Despite an individually brilliant year from Anthony (27.4 points, 24.4 player efficiency rating), the Knicks finished the 2013-14 campaign just 11th in offensive efficiency (105.4 points per 100 possessions). Movement, of both players and the ball, was almost nonexistent. New York’s 54.2 assist percentage was the fourth-lowest in the NBA.

If Anthony didn’t do something on his own, that something often went undone.

For the Knicks, the triangle represents more than a philosophical change. It symbolizes the freedom they’ll now be afforded in a system that emphasizes options over strictly controlled actions.

“It’s a system, and not a set of plays,” Bleacher Report’s Dylan Murphy wrote of the triangle. “… Instead of having to sprint to different spots and remember different actions…the triangle blossoms like a tree. One choice leads to two options, which leads to three more, and so on.”

When executed properly, the offense puts defenses in situations they can’t possibly win.

“If you just choose to run ‘plays’, you can choke those plays off,” Knicks assistant Jim Cleamons told NBA.com’s David Aldridge. “But if you run a system, if you take an option away, there’s another option. It’s perpetual.”

However, keeping every option available requires a complete commitment from every player. And therein lies the biggest challenge Fisher and Jackson will face during their first full season in their new roles.

The first—and certainly most important—step is getting Anthony on board. Not only is he the best player on this roster, he’s also the most equipped to reprise the go-to scoring roles that Michael Jordan and Kobe Bryant mastered during their times under Jackson.

To his credit, Anthony sounds eager to play his part.

“This new system is going to enhance my game,” he told reporters at media day, via Chris Herring of The Wall Street Journal. “It’s going to enhance my teammates’ games. As a whole, we’re going to be successful.”

Granted, everyone is happy, in the best shape of their lives and fully supportive of their team’s plans at media day.

But Anthony’s comments carry more substance than the typical on-camera commitment. Actions speak louder than words, and his show someone legitimately interested in figuring things out, per Herring:

Interest alone won’t make Anthony’s transition easy, though. This is a significant step away from a style that has helped him: win a national championship, become a No. 3 pick, book all those All-Star trips, capture a scoring crown and claim gold medals at the past two Olympic Games.

Whatever Anthony has been doing, it’s been working. Any resistance to change would not be surprising, it would be expected.

“There’s a period of time in which it takes a scorer with mainly a scoring mentality to play with the idea that you can’t score every time you touch the ball,” Jackson said at media day. “A lot of the scorers, it’s a natural instinct: I get the ball, I look to score.”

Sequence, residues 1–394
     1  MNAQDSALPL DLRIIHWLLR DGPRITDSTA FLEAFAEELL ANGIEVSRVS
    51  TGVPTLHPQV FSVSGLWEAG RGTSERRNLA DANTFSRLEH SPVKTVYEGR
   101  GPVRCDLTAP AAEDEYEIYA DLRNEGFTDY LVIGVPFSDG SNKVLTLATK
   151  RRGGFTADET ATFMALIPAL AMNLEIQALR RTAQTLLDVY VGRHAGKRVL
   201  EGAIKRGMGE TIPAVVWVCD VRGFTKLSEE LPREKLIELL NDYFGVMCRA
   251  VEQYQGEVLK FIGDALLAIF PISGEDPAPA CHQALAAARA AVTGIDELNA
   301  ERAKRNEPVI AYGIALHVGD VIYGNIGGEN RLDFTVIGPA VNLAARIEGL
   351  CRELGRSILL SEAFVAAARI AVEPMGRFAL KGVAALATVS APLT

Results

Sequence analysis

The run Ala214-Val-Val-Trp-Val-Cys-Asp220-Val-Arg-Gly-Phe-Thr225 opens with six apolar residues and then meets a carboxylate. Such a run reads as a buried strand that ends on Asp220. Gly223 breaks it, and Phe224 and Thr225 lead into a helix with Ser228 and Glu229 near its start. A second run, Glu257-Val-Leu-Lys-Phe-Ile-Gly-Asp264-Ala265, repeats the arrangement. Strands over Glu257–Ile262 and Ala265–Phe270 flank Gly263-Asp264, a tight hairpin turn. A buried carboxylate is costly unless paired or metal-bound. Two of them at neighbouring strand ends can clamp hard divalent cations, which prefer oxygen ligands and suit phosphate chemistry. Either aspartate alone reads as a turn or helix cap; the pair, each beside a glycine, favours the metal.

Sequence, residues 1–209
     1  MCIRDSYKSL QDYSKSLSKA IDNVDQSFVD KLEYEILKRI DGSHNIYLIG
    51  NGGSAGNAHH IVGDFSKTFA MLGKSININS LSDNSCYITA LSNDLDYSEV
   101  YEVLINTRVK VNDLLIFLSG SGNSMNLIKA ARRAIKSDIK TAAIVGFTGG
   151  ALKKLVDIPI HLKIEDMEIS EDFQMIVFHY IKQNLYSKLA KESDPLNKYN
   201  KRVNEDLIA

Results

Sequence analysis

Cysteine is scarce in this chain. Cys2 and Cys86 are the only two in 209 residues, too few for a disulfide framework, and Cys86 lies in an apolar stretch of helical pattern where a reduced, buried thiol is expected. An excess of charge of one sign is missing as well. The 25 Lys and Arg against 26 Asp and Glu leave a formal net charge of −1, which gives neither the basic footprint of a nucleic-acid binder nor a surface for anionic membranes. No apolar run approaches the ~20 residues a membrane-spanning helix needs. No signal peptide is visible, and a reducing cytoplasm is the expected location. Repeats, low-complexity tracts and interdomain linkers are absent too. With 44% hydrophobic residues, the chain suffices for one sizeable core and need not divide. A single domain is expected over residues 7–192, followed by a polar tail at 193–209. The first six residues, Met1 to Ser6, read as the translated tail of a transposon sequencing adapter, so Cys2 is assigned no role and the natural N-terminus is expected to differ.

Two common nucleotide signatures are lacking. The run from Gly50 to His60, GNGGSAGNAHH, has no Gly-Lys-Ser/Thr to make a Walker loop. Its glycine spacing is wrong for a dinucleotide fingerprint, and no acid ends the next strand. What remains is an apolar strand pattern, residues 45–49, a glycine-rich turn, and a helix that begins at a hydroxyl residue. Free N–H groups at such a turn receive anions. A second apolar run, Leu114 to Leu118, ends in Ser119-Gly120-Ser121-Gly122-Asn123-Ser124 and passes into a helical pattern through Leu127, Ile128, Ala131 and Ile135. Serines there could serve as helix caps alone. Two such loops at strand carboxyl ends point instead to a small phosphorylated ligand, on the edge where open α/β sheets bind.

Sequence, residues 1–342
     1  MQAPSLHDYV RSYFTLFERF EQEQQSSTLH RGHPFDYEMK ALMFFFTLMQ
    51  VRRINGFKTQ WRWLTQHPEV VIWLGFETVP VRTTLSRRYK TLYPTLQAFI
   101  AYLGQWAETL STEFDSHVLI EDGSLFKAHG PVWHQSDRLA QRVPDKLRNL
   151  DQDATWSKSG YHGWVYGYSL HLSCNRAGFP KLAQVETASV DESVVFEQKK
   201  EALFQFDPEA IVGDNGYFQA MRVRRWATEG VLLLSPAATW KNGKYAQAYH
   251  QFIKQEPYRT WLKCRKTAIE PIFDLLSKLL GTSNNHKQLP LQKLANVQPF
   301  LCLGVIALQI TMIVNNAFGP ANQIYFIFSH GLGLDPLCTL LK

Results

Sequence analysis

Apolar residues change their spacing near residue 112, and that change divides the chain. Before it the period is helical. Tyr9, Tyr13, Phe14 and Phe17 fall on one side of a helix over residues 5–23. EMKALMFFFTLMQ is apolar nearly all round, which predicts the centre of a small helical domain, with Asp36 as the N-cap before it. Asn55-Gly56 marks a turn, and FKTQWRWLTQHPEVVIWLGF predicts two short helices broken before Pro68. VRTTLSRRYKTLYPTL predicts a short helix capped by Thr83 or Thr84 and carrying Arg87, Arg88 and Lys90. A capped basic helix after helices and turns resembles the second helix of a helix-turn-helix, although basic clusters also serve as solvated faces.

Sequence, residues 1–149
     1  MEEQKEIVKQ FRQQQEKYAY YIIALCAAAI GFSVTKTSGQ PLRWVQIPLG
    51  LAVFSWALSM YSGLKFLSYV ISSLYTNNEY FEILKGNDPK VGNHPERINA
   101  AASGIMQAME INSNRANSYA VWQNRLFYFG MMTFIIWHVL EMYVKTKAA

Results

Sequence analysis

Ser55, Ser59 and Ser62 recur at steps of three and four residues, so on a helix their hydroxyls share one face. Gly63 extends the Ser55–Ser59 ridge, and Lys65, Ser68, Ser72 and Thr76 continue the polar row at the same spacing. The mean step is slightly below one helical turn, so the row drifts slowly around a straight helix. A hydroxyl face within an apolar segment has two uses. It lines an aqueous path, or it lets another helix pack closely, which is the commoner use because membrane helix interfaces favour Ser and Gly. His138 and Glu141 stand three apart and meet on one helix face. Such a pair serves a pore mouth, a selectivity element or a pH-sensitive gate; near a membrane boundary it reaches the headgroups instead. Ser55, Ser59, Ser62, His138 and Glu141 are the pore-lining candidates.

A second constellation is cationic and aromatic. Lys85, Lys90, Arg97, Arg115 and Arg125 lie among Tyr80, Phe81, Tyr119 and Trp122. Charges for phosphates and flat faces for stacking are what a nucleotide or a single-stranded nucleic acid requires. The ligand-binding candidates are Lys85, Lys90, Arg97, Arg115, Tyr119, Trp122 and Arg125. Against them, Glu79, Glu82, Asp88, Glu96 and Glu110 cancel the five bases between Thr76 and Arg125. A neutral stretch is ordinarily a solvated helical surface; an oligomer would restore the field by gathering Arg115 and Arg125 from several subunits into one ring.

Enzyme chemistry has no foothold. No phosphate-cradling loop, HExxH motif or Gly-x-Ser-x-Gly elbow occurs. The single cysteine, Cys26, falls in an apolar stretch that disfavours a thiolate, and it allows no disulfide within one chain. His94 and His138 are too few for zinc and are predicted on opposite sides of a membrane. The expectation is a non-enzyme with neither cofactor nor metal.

In this offense, Anthony won’t need to look for his own shot. The ball will find him.

Under Jackson, Jordan averaged 23.4 field-goal attempts a night. For Bryant, the number was 21.4. Over his career, Anthony has averaged 19.7 shots per game. Only four times in his 11 NBA seasons has he taken more than 20 a night.

It’s probably safe to assume those figures have been shared with Anthony at some point, per MSG Network’s Alan Hahn:

This offense not only caters to potent individual scorers, it’s also designed to make their lives easier.

Because there is so much movement around them, these premier players wind up attacking a defense that cannot give them its full attention. And those moving pieces are not decoys, either. As Grantland’s Chuck Klosterman explained, this system helps make everyone on the floor a scoring threat:

The real advantage of the Triangle is what it does for players with less ability. Most NBA sets are static; they require perimeter players to create their own shot, usually off the dribble. The Triangle’s relentless off-the-ball movement allows standing jump shooters to contribute within their own preexisting skill set. … You don’t need four or five athletic scorers to make the Triangle work. Two is plenty, because it amplifies the value of role players.

That has to be music to Anthony’s ears. There have not been many players more in need of scoring help. His 32.4 usage percentage ranked fourth among all double-digit scorers last season.

The Knicks have scorers on the roster, and this offense should help clean up their production.

J.R. Smith (46.5) and Jose Calderon (45.9) ranked second and fourth, respectively, in catch-and-shoot three-point percentage out of the 72 players to average at least three such attempts per game last season, via NBA.com’s SportVU player tracking data. The triangle should give them a wealth of clean looks.

Slashers Iman Shumpert and Cleanthony Early should benefit from the emphasis on off-ball cuts. Amar’e Stoudemire should have the chance to showcase his skills in both the high and low post, while Samuel Dalembert, Jason Smith and Andrea Bargnani can fire at will from the elbows.